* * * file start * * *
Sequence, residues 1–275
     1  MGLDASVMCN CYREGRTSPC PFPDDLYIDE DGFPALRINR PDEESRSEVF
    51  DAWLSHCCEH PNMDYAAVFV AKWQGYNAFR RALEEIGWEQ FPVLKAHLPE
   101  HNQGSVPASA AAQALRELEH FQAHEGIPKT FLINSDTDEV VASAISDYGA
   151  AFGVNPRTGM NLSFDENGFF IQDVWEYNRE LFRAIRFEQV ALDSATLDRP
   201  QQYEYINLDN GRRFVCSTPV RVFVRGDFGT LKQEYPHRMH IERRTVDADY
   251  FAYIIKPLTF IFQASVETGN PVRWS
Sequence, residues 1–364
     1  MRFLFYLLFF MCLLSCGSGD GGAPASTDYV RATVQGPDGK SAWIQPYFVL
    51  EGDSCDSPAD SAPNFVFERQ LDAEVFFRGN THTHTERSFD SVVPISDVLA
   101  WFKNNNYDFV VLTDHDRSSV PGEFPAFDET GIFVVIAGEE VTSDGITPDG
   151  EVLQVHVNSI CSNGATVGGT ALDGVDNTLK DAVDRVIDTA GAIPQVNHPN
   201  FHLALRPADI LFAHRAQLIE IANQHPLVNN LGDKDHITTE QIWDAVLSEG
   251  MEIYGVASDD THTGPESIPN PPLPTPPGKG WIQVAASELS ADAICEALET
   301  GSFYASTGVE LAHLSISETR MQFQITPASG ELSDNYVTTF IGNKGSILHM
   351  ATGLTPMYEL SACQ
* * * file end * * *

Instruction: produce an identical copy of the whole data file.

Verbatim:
Sequence, residues 1–275
     1  MGLDASVMCN CYREGRTSPC PFPDDLYIDE DGFPALRINR PDEESRSEVF
    51  DAWLSHCCEH PNMDYAAVFV AKWQGYNAFR RALEEIGWEQ FPVLKAHLPE
   101  HNQGSVPASA AAQALRELEH FQAHEGIPKT FLINSDTDEV VASAISDYGA
   151  AFGVNPRTGM NLSFDENGFF IQDVWEYNRE LFRAIRFEQV ALDSATLDRP
   201  QQYEYINLDN GRRFVCSTPV RVFVRGDFGT LKQEYPHRMH IERRTVDADY
   251  FAYIIKPLTF IFQASVETGN PVRWS
Sequence, residues 1–364
     1  MRFLFYLLFF MCLLSCGSGD GGAPASTDYV RATVQGPDGK SAWIQPYFVL
    51  EGDSCDSPAD SAPNFVFERQ LDAEVFFRGN THTHTERSFD SVVPISDVLA
   101  WFKNNNYDFV VLTDHDRSSV PGEFPAFDET GIFVVIAGEE VTSDGITPDG
   151  EVLQVHVNSI CSNGATVGGT ALDGVDNTLK DAVDRVIDTA GAIPQVNHPN
   201  FHLALRPADI LFAHRAQLIE IANQHPLVNN LGDKDHITTE QIWDAVLSEG
   251  MEIYGVASDD THTGPESIPN PPLPTPPGKG WIQVAASELS ADAICEALET
   301  GSFYASTGVE LAHLSISETR MQFQITPASG ELSDNYVTTF IGNKGSILHM
   351  ATGLTPMYEL SACQ